The roller clutches 40 and 44 are known roller clutches which transmit rotation when driven in one direction, but allow slippage between two parts when they are driven in the opposed direction relative to each other. The two are designed such that they allow rotation in opposed directions relative to each other. Such roller clutches are well known.
An appropriate control can be associated with the motor, and the motor can be driven in a selected direction to achieve capacity modulation when desired. When full capacity is desired, the motor is driven in a forward direction. When a reduced capacity is desired, the motor is driven in the reverse direction. The simple mechanical connection ensures that the compressor will operate regardless of the direction of rotation of the motor, and that the capacity reduction will be achieved as desired.
A ring gear 64 is fixed to rotate with an eccentric 70 and surrounds the planet gears 62. A sun gear 66 is fixed to rotate with the shaft portion 56. A roller clutch 68 is positioned between the shaft portion 56 and the inside of an eccentric 70.
When the shaft 56 is driven in a forward direction, the roller clutch 68 transmits rotation directly to the eccentric 70. The orbiting scroll 54 is driven at the same rate as the shaft portion 56. The clutch 58 slips, and allows carrier 60 to free wheel on the position 61.
However, when reverse rotation occurs, then the roller clutch 58 no longer permits free-wheeling rotation. Shaft 56 and sun gear 66 drive the planet gears 62, however, the planet gears 62 can only rotate about the mounts 63 on the carrier 60, since the carrier 60 is locked to the portion 61 by the roller clutch 58. Thus, the eccentric 70 will be driven to rotate with its fixed ring gear 64. Again, the gear reduction is achieved and capacity modulation occurs.
A control as set forth with the first embodiment would be included to choose between forward and reverse drive. As shown in
However, when rotation occurs in a reverse direction, the roller clutch 90 allows slipping between the shaft portion 84 and the eccentric 85.
When rotation occurs in the forward direction, roller clutch 92 allows slippage between the portion 88 and the eccentric 94. However, when reverse rotation occurs, the eccentric 94 is driven. When the eccentric 94 is driven, the crank 96 is driven.
Also as shown in
As can be understood from
Again, an appropriate control is incorporated to drive the motor in related directions to achieve capacity modulation.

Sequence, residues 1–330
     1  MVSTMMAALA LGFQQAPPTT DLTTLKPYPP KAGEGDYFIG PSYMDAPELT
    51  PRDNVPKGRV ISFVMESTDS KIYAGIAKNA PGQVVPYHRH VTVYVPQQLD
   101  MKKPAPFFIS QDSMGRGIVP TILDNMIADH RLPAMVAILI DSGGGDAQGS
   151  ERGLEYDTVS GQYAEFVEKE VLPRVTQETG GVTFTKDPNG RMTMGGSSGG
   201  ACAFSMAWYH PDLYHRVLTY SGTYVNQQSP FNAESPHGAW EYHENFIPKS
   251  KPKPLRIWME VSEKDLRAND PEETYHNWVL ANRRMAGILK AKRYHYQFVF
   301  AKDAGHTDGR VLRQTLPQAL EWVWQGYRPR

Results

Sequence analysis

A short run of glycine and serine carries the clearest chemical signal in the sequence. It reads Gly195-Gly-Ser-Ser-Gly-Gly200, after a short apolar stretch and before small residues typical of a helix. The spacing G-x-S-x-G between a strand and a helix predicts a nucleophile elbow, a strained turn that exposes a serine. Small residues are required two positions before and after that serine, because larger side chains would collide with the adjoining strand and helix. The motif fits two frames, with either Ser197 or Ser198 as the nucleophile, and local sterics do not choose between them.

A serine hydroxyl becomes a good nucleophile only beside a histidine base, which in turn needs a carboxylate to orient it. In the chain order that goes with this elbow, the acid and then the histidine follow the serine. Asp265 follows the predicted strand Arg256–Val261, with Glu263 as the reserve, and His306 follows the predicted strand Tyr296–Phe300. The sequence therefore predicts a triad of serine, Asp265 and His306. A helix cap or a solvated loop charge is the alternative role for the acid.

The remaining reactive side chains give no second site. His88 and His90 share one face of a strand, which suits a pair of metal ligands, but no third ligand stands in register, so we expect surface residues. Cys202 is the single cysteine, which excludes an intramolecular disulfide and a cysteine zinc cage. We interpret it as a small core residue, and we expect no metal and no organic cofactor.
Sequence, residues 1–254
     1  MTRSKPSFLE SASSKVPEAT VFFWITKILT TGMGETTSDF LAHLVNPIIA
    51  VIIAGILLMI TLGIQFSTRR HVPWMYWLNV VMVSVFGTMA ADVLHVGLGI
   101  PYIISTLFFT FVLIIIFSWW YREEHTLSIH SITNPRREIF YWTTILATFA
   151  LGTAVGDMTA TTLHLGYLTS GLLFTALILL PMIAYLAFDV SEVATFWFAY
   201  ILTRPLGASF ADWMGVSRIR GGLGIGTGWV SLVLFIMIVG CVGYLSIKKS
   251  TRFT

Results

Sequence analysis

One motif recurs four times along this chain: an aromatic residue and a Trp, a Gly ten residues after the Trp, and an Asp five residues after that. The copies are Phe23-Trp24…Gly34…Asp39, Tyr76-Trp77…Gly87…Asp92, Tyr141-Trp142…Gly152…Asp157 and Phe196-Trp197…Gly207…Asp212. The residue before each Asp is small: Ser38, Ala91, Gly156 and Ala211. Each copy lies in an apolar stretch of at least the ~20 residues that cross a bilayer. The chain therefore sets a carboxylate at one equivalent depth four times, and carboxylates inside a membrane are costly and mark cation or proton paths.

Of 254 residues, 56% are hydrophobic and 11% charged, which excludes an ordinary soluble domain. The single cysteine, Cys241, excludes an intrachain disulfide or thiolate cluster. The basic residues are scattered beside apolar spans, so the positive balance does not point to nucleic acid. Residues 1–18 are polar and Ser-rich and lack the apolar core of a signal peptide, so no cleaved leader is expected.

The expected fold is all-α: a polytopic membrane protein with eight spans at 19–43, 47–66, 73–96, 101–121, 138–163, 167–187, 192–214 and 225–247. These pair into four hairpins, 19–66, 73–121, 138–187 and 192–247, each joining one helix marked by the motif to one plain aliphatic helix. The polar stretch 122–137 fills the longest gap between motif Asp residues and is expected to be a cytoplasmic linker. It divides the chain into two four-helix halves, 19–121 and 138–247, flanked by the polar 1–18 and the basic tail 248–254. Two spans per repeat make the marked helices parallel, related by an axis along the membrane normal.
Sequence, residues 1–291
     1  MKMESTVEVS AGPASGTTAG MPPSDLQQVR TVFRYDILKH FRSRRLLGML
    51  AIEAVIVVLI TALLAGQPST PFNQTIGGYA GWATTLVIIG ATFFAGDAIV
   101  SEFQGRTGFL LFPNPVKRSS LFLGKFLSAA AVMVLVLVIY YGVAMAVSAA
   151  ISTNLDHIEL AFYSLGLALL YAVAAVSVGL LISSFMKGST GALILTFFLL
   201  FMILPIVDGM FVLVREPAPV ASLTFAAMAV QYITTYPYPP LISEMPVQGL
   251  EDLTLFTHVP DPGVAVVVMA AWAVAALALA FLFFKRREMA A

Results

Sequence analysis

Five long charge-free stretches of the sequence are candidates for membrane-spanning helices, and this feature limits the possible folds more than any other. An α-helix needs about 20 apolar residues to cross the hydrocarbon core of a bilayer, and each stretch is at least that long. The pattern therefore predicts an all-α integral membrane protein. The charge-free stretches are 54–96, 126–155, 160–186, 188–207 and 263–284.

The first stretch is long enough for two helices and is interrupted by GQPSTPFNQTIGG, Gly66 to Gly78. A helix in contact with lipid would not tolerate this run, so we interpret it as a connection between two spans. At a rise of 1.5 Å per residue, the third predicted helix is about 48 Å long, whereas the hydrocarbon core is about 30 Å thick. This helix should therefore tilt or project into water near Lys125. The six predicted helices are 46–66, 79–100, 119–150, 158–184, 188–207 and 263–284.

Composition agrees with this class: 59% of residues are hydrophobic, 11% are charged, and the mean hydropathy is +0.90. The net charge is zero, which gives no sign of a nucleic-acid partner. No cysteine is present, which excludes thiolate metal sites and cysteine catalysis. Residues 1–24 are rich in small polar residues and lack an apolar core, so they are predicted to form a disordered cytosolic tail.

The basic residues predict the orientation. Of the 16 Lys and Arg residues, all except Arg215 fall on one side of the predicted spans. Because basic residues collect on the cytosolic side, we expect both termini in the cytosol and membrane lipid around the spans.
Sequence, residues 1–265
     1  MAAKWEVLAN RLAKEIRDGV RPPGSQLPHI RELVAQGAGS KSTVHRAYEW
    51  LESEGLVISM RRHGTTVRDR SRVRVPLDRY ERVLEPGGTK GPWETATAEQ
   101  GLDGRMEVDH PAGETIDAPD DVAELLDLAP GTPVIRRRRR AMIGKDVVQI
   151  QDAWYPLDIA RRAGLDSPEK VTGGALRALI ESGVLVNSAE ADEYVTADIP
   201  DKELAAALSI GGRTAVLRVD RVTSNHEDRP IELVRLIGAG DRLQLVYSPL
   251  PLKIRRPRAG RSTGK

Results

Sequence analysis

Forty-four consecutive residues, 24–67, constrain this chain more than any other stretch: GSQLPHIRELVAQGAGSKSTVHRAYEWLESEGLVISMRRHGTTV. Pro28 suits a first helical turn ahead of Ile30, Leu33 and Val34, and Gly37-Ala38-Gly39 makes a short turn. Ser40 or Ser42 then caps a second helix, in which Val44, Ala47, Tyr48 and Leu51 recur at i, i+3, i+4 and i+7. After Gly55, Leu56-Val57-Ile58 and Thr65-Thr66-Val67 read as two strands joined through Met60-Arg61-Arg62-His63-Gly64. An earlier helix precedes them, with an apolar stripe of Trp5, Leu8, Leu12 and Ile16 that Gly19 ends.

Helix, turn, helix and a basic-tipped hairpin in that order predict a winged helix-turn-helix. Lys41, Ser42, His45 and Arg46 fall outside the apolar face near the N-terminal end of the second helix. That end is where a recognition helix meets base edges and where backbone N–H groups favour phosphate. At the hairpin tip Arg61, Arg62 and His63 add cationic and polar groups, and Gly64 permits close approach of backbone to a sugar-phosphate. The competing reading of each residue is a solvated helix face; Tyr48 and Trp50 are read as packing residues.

Although suitable reversible electric motors are well known, one preferable motor would use windings such as disclosed in U.S. Ser. No. 08/911,481.
Although embodiments of this invention have been disclosed, it should be understood that the main inventive features of this invention is a provision of the motor which can be operated in reverse with a transmission that will cause the orbiting scroll to be rotated in the forward direction, but at a speed which differs from the speed of movement of the orbiting scroll during forward rotation. Many other embodiments may be developed which come within the scope of this invention.
A worker of ordinary skill in the art would recognize that modifications of these embodiments would come within the scope of this invention. For that reason, the following claims should be studied to determine the true scope and content of this invention.
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|Citing Patent||Filing date||Publication date||Applicant||Title|
|US7841845 *||May 16, 2005||Nov 30, 2010||Emerson Climate Technologies, Inc.||Open drive scroll machine|
|US8905724 *||Dec 11, 2011||Dec 9, 2014||Hyundai Motor Company||Oil supply apparatus for a vehicle|
|US20130071263 *||Dec 11, 2011||Mar 21, 2013||Hyundai Motor Company||Oil supply apparatus for a vehicle|
|U.S. Classification||417/410.5, 417/326, 417/319, 418/69|
|International Classification||F04C18/02, F04C29/00, F04C28/04, F04C28/08, F04B17/00|
|Cooperative Classification||F04C28/08, F04C18/0215, F04C28/04, F04C29/005|
|European Classification||F04C28/08, F04C28/04, F04C29/00D2|
|Jun 4, 1998||AS||Assignment|
Owner name: UT AUTOMOTIVE DEARBORN, INC., MICHIGAN
Free format text: ASSIGNMENT OF ASSIGNORS INTEREST;ASSIGNORS:LOPRETE, JOSEPH F.;FIELDS, GENE MICHAEL;WILLIAMS, JOHN R.;AND OTHERS;REEL/FRAME:009220/0849;SIGNING DATES FROM 19980601 TO 19980602
|Aug 25, 1998||AS||Assignment|
Owner name: SCROLL TECHNOLOGIES, ARKANSAS
Free format text: (ASSIGNMENT OF ASSIGNOR S INTEREST) RE-RECORD TO CORRECT THE RECEIVING PARTY, PROVIOUSLY RECORDED ON REEL 9220, FRAME 0849.;ASSIGNORS:LOPRETE, JOSEPH F.;FIELDS, GENE MICHAEL;WILLIAMS, JOHN R.;AND OTHERS;REEL/FRAME:009413/0842
Effective date: 19980602
|Feb 1, 2010||FPAY||Fee payment|
Year of fee payment: 4
|Mar 14, 2014||REMI||Maintenance fee reminder mailed|
|Aug 1, 2014||LAPS||Lapse for failure to pay maintenance fees|
|Sep 23, 2014||FP||Expired due to failure to pay maintenance fee|
Effective date: 20140801